She also noted that the government has also given special preference to the vaccination drive. While the vaccination programme was launched and the government had ordered the needed vaccines, they were unable to get them. The government had signed contracts with India for a supply of 1.5 million vaccines. However, Sri Lanka had only received 500,000 because of rising case numbers in India.
Dr. Fernandopulle said that without the committed services of health officials, the government would not have been able to save the lives of many people. She thanked all the donors who had donated funds for COVID-19 prevention efforts, as well as all Divisional Secretaries, the Armed Forces, the Police, and government officials for their assistance.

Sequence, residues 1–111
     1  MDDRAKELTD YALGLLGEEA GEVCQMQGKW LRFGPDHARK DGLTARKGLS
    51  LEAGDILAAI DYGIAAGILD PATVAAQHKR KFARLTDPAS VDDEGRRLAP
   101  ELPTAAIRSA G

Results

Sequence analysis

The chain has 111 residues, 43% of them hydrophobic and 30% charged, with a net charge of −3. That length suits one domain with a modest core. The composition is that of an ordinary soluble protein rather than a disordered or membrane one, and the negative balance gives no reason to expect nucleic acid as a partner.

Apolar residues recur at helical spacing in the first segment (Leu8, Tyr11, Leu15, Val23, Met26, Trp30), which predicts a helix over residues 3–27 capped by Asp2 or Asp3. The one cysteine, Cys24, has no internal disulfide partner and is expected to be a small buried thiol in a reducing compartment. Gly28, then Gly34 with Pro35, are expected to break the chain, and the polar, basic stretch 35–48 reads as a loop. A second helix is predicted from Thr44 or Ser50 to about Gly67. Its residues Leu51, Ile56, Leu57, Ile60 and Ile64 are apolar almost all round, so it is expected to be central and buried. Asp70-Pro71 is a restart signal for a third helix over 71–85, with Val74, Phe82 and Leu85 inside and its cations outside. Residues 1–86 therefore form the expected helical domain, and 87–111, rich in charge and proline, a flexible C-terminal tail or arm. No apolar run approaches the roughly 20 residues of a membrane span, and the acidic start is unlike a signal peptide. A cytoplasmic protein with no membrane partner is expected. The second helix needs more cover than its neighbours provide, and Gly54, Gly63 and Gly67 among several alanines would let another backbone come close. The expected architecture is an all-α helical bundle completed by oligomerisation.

Meanwhile, the Opposition questioned why the minister, who is a specialist in the field, was not given a bigger role to play in the COVID-19 prevention efforts. MP M.A. Sumanthiran pointed out that she should have been appointed to lead the programme. He said that despite Dr. Fernandopulle being a public health expert, her advice was not heeded, and that she had been sidelined. He questioned as to why the government had opted to entrust the COVID-19 prevention efforts to the military while having experts who were capable of handling the situation.
Entrepreneur vehicle leasing issues should be solved immediately – Dayasiri